All spectators/non-shooters are to be positioned well behind the shooter as directed by the range officer/s.
If you are not shooting, your firearm is to be ?tabled? and clear of a magazine.

All shooters are required to wear safety /shooting glasses and hearing protection is encouraged.

Stance, (basic)

1. Legs are spread forward towards target in comfortable stance.
2. Firearm is shouldered.
3. Elbow of weak arm is pointed down and directly vertical of forward foot.
4. Knees are slightly bent.
5. Center of gravity is over forward foot.

Malfunctions and stoppages

1. Position one stoppage-Failure to Fire
2. Position Two Stoppage- Failure to Eject, (stove pipe)
3. Position Three Stoppage- Failure to Feed
4. Position Four-Failure to Go into Battery

Position One Stoppage:

Failure to Fire
When the trigger is pressed, the hammer falls striking the foring pin but the firearm does not fire.

Position One Stoppages are caused by improper seating of the magazine, cartridges dragging inside of the magazine, or a dud primer.
1. Rap bottom of magazine with heel of weak hand to insure that it is properly seated.
2. Cycle weapon and allow the bolt to slam home.
3. Try to fire weapon again.
4. If weapon still does not fire, remove magazine and replace it with a fresh one then repeat steps 1, 2 & 3

Position Two Stoppage:

Failure to Eject (Stovepipe)
Cartridge case is caught in ejection port

Position Two Stoppages are normally caused by squib cartridges (under powered) or by a broken
1. Retract bolt all the way to the rear, relieving pressure from stuck case.
2. Simultaneously flip rifle to the right to throw case clear of ejection port.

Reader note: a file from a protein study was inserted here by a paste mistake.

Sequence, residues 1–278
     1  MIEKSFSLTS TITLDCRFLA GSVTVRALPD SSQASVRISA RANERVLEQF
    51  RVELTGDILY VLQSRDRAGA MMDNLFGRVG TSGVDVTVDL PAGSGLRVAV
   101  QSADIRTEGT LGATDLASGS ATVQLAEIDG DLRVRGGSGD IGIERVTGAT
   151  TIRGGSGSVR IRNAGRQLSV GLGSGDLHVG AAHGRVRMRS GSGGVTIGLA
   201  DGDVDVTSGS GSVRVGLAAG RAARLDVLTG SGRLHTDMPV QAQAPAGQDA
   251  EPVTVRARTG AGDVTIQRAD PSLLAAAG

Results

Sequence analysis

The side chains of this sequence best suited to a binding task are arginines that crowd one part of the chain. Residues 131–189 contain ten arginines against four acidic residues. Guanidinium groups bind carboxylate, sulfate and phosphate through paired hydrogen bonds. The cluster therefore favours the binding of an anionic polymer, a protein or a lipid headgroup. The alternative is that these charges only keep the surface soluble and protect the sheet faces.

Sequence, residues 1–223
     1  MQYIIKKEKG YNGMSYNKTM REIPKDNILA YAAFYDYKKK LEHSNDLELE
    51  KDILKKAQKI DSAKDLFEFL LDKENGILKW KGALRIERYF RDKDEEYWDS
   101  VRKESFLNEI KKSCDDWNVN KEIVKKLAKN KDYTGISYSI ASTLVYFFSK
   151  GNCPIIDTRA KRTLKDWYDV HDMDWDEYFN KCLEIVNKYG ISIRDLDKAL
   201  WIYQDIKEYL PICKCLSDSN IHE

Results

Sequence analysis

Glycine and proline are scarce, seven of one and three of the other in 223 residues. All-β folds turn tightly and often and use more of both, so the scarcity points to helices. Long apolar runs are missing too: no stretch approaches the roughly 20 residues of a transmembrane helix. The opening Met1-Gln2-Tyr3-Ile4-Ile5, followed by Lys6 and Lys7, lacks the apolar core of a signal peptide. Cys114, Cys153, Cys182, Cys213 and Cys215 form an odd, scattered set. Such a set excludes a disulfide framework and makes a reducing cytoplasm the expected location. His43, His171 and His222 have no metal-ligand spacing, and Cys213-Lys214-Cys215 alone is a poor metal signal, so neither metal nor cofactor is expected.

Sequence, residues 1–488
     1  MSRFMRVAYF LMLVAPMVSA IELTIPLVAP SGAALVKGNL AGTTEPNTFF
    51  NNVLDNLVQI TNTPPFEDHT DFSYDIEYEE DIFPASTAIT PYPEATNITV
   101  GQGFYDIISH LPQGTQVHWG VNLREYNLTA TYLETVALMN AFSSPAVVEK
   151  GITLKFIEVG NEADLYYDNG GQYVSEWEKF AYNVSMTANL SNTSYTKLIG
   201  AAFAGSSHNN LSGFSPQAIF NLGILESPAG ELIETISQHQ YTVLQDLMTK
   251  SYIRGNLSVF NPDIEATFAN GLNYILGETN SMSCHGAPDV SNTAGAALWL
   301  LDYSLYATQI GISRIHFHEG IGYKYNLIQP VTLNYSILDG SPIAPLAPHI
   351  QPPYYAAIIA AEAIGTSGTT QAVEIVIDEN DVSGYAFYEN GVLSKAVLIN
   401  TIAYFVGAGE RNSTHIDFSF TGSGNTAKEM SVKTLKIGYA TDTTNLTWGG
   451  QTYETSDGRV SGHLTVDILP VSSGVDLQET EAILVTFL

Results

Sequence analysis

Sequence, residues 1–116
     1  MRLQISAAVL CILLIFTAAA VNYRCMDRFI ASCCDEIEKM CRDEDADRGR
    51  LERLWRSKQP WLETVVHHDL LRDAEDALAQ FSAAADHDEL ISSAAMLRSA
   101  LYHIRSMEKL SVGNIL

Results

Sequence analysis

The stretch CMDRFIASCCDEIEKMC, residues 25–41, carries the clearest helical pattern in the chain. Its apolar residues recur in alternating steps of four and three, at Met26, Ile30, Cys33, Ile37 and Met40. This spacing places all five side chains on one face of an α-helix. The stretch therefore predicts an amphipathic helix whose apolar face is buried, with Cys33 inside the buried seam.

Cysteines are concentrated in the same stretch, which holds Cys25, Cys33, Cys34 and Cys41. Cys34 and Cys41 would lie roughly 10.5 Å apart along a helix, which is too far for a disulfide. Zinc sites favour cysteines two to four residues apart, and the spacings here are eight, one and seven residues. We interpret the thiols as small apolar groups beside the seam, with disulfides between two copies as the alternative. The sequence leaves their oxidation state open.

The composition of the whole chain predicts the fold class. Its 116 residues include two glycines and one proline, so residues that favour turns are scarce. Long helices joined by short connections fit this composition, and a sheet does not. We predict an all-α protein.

3. Release bolt to chamber a fresh cartridge.
4. Fire weapon.

Position Three Stoppage:

Failure to Feed
Symptom: Cartridge is stuck in the feedway, preventing the bolt from moving into battery. Commonly called a "double-feed".

Position Three Stoppages are typically caused by two or more cartridges feeding simultaneously from
the magazine or by the extractor failing to extract the fired case, with the bolt feeding a new cartridge
in behind it. It is important to lock the bolt open before anything else is done. Failure to do so will
only make the problem worse
1. Lock bolt open.
2. Remove magazine. Discard it.
3. Work bolt 2-3 times to insure action is clear.
4. Insert fresh magazine, rap bottom of magazine to insure seating.
5. Cycle action once to chamber a new cartridge.
6. Fire weapon.

Position Four Stoppage:

Failure to go into Battery
Symptom: Bolt is nearly closed, but is not locked in place.

Position Four Stoppages are caused by dirty ammunition, chamber fouling or oversized cases.

Sharply strike charging handle with heel of strong hand. If charging handle is separate from bolt, push forward-assist (M-16) or push bolt into battery with fingers.